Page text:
[Tutor] processing a text file w/ OO?
list at ohtogo.com
Tue Jan 24 06:11:53 CET 2006
Thanks, Alan. That's exactly the kind of explanation I was looking
for. As this is pretty much a one-off project and the data
transformations are pretty different for each field, I'll stick with
the functional approach. The rule of thumb you mention is useful,
too. I hadn't heard that before.
On Jan 23, 2006, at 2:53 AM, Alan Gauld wrote:
>> I'm processing a tab-delimited text file where I read in a file,
>> perform a bunch of operations on the items, and then write them
>> out again to a fixed-width text file.
>> I've been doing this with a very functional approach:
>> Anyway, this all works fine. Not knowing much about OO, I'm
>> wondering if there's a way to approach this from an object-
>> oriented perspective. Is there anything to be gained? Or is this
>> type of problem best tackled with a functional approach?
> This is one of the types of problem where I personally don't try to
> use objects too much. Where objects might be helpful is if you have
> a number of similar but slightly different data records such that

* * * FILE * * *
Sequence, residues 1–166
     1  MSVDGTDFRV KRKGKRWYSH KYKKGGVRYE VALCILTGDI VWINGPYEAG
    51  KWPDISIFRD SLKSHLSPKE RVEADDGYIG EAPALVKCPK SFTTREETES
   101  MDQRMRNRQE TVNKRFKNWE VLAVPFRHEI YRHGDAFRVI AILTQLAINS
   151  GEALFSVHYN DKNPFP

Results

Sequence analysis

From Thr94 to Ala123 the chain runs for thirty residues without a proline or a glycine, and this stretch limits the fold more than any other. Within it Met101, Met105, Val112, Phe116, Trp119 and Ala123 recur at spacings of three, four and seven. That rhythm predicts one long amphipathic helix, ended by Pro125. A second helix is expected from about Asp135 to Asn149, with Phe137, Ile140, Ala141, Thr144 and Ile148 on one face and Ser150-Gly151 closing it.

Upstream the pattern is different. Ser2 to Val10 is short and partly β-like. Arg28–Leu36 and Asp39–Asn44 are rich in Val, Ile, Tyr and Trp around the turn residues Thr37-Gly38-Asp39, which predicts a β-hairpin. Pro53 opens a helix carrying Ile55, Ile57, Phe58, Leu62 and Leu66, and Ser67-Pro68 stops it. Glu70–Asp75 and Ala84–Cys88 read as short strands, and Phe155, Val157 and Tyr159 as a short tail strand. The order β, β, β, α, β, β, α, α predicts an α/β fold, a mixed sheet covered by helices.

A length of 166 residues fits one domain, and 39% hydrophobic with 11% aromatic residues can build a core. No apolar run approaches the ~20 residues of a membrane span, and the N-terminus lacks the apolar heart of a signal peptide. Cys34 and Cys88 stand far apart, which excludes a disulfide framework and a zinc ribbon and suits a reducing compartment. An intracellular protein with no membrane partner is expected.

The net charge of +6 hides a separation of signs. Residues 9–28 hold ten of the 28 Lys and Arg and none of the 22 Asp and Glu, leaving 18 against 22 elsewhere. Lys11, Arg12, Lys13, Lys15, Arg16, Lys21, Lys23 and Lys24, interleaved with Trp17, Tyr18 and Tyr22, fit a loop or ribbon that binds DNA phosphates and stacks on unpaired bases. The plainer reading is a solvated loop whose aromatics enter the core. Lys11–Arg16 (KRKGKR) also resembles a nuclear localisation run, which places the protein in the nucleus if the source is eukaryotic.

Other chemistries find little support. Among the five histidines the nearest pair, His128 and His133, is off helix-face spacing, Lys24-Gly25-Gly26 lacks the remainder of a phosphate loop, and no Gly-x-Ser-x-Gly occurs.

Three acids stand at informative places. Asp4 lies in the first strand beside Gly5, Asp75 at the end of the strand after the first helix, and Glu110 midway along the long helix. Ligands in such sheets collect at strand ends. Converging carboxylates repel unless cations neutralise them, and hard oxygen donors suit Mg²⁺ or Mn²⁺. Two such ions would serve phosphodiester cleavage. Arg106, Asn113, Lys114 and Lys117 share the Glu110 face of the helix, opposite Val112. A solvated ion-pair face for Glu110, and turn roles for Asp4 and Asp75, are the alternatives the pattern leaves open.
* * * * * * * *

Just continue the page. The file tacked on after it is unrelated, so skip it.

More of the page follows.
> the processing consists of lots of if/elif chains. In that case
> identifying the type once and relying on polymorphism to deal with
> the differences is useful. But if the records all have similar
> processing then OOP will make the code bulkier, slower and not add
> too much IMHO.
> OTOH if you were to write a lot of these kinds of applications OOP
> might provide a higher level of code reuse between projects.... But
> remember that the cost of reuse means that you need to reuse code 3
> (*) or more times to make it economical!
> (*) Metrics suggest the actual figure varies between 3-10 times
> depending on language, object complexity and level of generality.
> Alan G
> Author of the learn to program web tutor
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